Looking for a new cookbook filled with healthy recipes? These recipes are samples from various American Diabetes Association cookbooks.
Shepherd’s Pie is a traditional pub dish. It’s made with lamb cubes, some vegetables, and a tomato-based sauce and topped with mashed potatoes and cheese.
A frittata—a thick omelet—makes a quick supper. It is perfect for a busy weekday meal. All you need are a few vegetables, some sausage or leftover cooked meat, and eggs and you can have your meal ready in 15 to 20 minutes.
Here's a fun twist on salsa that everyone will love at your next summer picnic or barbeque.
This creative potato salad is colorful and lower in carbohydrate per serving you're your standard potato salad because of the added nonstarchy veggies.
Here's a new twist on oatmeal instead of the usual sweet oatmeal dish. It makes a great breakfast for one!
Use this dressing for cold salads like potato or pasta salad. It goes perfectly with the Summer Squash and Purple Potato Salad.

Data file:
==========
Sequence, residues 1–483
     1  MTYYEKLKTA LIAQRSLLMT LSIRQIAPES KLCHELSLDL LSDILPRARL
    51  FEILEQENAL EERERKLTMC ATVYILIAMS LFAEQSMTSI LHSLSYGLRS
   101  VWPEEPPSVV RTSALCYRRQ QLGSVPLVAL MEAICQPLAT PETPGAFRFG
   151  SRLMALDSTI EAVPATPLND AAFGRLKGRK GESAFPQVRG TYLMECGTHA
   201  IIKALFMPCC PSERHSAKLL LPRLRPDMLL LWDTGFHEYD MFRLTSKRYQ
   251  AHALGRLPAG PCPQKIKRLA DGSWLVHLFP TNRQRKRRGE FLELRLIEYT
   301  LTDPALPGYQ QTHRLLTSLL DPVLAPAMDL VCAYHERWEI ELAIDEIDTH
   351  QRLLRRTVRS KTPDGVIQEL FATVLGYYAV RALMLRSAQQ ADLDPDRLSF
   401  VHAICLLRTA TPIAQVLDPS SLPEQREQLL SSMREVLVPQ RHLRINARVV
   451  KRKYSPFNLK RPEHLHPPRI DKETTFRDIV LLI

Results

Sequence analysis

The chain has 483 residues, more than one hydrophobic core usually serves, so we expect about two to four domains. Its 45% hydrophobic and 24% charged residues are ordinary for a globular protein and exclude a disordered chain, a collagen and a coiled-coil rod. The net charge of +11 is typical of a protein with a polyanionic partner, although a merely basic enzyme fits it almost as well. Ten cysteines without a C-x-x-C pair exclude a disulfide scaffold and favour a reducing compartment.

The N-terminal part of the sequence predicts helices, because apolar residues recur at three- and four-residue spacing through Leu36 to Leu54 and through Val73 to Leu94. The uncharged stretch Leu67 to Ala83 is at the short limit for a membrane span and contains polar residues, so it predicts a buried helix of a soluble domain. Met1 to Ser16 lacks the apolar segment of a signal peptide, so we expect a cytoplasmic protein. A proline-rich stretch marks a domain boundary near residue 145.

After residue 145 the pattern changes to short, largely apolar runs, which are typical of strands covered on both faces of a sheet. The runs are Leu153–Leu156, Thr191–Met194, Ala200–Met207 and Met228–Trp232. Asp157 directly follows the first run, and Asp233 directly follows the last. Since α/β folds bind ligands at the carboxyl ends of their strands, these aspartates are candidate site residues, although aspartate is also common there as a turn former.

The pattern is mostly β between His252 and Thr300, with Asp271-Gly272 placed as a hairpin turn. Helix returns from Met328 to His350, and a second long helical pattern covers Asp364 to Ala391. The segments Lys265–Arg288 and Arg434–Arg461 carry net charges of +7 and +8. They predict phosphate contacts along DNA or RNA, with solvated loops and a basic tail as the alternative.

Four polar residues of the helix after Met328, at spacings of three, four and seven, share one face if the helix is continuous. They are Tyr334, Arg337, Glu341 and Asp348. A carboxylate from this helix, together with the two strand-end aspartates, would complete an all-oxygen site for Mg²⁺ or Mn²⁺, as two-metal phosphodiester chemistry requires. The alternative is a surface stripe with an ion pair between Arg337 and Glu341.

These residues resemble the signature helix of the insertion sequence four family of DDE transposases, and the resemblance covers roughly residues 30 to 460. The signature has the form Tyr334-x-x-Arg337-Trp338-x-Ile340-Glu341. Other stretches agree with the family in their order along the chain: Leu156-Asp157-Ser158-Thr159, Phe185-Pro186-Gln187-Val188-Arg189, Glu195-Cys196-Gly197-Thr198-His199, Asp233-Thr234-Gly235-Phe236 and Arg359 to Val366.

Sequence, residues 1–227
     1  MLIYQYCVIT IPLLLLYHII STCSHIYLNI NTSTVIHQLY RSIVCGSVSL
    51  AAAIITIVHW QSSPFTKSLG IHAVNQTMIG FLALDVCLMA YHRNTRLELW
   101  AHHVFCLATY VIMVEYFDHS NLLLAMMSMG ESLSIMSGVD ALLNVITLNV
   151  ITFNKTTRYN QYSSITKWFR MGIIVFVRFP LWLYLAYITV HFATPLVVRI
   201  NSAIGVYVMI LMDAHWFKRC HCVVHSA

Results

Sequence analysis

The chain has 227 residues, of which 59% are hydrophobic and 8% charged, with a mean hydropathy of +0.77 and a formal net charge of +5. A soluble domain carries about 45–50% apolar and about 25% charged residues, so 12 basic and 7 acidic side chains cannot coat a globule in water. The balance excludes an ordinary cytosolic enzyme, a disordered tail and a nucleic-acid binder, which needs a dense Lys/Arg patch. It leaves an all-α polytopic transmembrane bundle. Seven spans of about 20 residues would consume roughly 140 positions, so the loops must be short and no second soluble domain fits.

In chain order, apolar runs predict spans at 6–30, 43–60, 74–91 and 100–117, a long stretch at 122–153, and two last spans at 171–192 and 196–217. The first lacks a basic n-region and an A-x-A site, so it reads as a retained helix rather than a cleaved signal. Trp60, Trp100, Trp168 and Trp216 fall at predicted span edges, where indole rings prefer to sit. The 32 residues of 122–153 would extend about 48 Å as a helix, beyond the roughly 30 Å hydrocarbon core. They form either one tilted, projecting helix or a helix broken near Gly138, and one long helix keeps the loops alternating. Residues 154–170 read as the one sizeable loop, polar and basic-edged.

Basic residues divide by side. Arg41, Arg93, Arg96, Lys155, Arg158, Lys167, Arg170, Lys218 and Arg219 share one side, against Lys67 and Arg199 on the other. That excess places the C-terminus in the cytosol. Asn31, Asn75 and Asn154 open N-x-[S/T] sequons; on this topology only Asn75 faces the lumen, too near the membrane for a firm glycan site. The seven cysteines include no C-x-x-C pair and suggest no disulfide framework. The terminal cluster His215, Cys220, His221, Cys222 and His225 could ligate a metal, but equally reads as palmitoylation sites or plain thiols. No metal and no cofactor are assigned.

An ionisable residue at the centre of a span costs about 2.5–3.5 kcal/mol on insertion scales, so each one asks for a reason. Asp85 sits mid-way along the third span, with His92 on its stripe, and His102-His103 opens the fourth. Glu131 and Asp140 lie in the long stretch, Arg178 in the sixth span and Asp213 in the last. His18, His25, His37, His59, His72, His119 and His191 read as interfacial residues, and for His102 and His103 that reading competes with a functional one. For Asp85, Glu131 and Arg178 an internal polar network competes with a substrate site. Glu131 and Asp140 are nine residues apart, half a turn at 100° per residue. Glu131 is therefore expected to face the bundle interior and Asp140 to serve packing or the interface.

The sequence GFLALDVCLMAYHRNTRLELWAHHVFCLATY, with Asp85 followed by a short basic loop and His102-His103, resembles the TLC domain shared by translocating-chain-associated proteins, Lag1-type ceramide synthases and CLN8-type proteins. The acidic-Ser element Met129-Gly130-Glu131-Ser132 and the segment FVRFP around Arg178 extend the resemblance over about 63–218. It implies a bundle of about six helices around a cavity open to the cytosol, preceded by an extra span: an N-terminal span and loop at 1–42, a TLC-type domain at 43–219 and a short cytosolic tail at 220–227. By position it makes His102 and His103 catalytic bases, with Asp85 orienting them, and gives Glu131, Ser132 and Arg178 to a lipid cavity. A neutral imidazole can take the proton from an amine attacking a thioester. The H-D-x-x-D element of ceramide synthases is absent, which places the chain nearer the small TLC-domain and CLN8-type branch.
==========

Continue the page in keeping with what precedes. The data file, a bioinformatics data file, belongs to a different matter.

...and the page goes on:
Here's a quick weeknight dinner to enjoy with your family. Fish can make a great entrée when you are pressed for time since it cooks quickly, plus it's a great source of lean protein.
Who doesn't love Caesar salad? This salad makes a great nonstarchy vegetable side that you can enjoy with just about any entrée!
Serve up this unique pasta dish with some lightly dressed greens. It also makes a great lunch that you can bring to the office.
Serve up this elegant dish at your next dinner party. It's packed with flavor and even provides a serving of fruit!
Calculate the number of calories you should eat each day to maintain your present body weight:
This number estimates how many calories you should eat per day to keep your body weight where it is now.
If you want to lose weight, you may need fewer calories. You should talk with your health care team for more personalized recommendations, but this calculator can help to get you started.Calculate My Calories
*Estimates are rounded to the nearest 200 calories. An individual's calorie needs may be higher or lower than these average estimates. Developed from the 2010 US Dietary Guidelines for Americans.
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